As a pastor, I think people look at me and figure I must have a strong faith. But there are days of struggle when I just want to be sure. When I long for certain proof of God’s power. I’d love to be up there on that mountain, eyes wide open like Peter. Could you imagine seeing the power of God face to face? To hear God’s voice? To see the most important men of the faith? I’d want to stay right there forever. It would mean knowing for sure that God’s power really is greater than the power of death and destruction. It would mean that this man who spoke of loving enemies, giving away all for the sake of the poor, really did speak God’s vision for creation.
I wouldn’t want to come back down into the need of the world. That’s where I live today. That’s where it’s hard to believe and remember and trust that God really is working to make all things new, that God really does have the power to heal, that God will bring all things into life again.
It’s hard to hold on to a faith that declares Jesus’ power when we don’t see God’s power working as quickly as we’d like. When a young father discovers he has cancer, when a teenager dies of suicide, when a child is born to parents without the capacity to care for her, when some people are sick from too much to eat and others starve. The needs of the crowd are so great.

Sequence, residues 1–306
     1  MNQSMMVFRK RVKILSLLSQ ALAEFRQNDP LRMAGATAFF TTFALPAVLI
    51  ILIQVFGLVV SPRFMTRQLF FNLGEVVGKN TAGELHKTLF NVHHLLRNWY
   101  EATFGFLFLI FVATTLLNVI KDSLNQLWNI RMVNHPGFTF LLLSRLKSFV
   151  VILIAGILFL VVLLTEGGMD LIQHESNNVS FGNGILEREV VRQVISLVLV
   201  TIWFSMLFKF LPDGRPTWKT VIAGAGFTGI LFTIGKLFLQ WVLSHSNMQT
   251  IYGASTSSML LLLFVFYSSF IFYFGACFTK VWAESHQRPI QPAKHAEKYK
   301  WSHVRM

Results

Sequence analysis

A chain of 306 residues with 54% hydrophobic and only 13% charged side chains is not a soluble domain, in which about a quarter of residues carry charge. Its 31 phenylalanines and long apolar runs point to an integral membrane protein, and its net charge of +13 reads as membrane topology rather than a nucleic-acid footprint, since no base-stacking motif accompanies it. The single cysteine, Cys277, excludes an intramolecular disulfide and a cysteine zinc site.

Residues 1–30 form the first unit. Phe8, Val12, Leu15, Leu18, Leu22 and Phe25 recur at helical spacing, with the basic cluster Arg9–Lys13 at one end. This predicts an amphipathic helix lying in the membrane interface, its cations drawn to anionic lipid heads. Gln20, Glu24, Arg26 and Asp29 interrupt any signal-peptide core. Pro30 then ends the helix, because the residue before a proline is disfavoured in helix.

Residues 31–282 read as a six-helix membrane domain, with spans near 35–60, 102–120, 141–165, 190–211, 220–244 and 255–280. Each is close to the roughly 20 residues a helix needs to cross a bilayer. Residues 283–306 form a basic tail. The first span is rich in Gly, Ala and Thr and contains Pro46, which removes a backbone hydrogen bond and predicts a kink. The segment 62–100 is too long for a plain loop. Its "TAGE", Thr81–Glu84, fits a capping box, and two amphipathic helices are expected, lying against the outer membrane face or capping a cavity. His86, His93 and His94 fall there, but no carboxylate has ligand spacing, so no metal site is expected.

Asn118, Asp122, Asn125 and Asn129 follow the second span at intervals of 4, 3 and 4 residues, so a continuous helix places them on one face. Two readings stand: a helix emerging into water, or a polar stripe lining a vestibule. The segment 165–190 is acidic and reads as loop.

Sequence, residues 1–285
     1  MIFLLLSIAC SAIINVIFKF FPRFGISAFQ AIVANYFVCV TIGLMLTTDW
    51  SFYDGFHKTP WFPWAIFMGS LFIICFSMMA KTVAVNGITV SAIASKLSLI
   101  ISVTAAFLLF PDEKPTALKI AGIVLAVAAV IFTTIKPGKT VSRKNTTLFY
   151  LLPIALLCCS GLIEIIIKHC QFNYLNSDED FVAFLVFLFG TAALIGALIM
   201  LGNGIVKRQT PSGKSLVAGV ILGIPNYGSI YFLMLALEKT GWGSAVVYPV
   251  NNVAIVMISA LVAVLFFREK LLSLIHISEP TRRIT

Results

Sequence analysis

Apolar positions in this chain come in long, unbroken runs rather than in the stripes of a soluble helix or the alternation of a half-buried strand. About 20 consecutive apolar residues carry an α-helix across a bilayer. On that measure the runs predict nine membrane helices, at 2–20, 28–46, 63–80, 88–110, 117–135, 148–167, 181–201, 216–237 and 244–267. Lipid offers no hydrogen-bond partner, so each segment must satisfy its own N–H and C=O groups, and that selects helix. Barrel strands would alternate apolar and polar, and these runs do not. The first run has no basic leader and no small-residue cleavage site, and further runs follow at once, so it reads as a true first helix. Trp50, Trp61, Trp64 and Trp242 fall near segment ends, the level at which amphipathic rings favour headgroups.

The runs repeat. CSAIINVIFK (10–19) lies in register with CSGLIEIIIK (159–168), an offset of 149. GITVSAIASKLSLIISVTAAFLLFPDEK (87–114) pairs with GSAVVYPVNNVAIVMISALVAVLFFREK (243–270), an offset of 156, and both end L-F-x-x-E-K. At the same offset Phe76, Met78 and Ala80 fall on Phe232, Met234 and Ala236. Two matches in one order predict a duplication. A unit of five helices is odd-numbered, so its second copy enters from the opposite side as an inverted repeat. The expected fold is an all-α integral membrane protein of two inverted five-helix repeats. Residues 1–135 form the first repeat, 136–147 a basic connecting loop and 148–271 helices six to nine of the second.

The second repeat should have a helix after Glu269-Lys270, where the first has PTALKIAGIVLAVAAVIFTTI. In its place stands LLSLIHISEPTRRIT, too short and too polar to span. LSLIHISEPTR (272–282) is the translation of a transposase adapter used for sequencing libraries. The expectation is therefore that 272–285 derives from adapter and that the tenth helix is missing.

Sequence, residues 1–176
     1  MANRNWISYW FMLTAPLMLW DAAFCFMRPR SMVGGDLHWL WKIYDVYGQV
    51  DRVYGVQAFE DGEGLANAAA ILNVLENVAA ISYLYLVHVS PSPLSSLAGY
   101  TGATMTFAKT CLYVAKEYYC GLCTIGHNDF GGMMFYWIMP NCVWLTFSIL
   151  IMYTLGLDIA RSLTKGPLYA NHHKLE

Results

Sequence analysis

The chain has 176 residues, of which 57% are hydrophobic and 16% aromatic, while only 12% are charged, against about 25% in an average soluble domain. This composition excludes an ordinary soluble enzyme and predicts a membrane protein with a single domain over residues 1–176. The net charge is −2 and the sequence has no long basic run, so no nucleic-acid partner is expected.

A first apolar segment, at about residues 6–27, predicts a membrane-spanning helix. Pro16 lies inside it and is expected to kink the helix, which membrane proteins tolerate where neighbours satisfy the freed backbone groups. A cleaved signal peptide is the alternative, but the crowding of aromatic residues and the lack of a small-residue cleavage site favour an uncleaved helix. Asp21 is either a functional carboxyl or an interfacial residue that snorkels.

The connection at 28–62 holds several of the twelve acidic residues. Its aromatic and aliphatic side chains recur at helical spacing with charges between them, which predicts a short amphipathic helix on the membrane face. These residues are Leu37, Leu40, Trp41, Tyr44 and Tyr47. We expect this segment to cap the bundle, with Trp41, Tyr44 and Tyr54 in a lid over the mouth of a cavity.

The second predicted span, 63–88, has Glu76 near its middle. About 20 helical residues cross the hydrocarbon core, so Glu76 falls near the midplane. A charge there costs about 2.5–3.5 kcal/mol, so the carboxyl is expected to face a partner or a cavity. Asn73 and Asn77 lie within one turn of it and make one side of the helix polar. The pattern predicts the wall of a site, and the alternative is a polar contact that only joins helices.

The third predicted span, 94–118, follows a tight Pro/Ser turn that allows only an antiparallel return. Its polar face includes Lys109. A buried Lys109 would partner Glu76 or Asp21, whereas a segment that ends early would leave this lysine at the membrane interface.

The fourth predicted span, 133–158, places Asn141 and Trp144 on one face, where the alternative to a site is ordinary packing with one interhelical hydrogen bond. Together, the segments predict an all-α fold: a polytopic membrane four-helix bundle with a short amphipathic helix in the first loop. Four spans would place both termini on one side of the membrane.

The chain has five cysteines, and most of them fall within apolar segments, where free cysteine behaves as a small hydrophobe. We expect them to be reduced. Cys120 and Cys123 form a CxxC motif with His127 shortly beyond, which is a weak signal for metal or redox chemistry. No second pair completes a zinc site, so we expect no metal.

That’s why Jesus came back down off the mountain. That’s why Jesus has sent the Holy Spirit to come among us today. Jesus has shared a piece of his power and his compassion with each of you. Jesus calls us to follow him, down from holy heights and into the world of need.
On that mountain, it was so clear that God was present. When we’re in church, we’re surrounded by reminders that God is here. Then we go out the doors and into the world, and it can be hard to remember that God is most at work out there. But it’s out there that Jesus is already active.
When Jesus descends from heaven to be born to a human mother, when Jesus climbed down off the mountain to answer the needs of the crowd, when Jesus is raised up not on a throne but a cross, Jesus declares his place is among us, among the suffering, among the forgotten, overlooked outsiders. With eyes opened through faith, that’s where we’ll see him. Not only on a majestic mountain, not only in this sacred space, but in the places of daily life and among people who struggle.
So on next Sunday morning, I’ll be back at my own church, and you’ll have your own pastor restored to you. But that afternoon, and Monday, and Tuesday, and all the days after, I hope we’ll all have left our own holy sanctuaries to meet each other in the world and among the crowd. Then we won’t be Methodists or Lutherans or bound up in our liturgies or our confessions of faith, but we’ll be those who carry Jesus’ spirit and follow Jesus’ call to make things new, heal the sick, and comfort the despairing with God’s promise of new life. Then we’ll see revealed in each other the face and the power of Jesus. That’s the changed vision God is preparing for us today.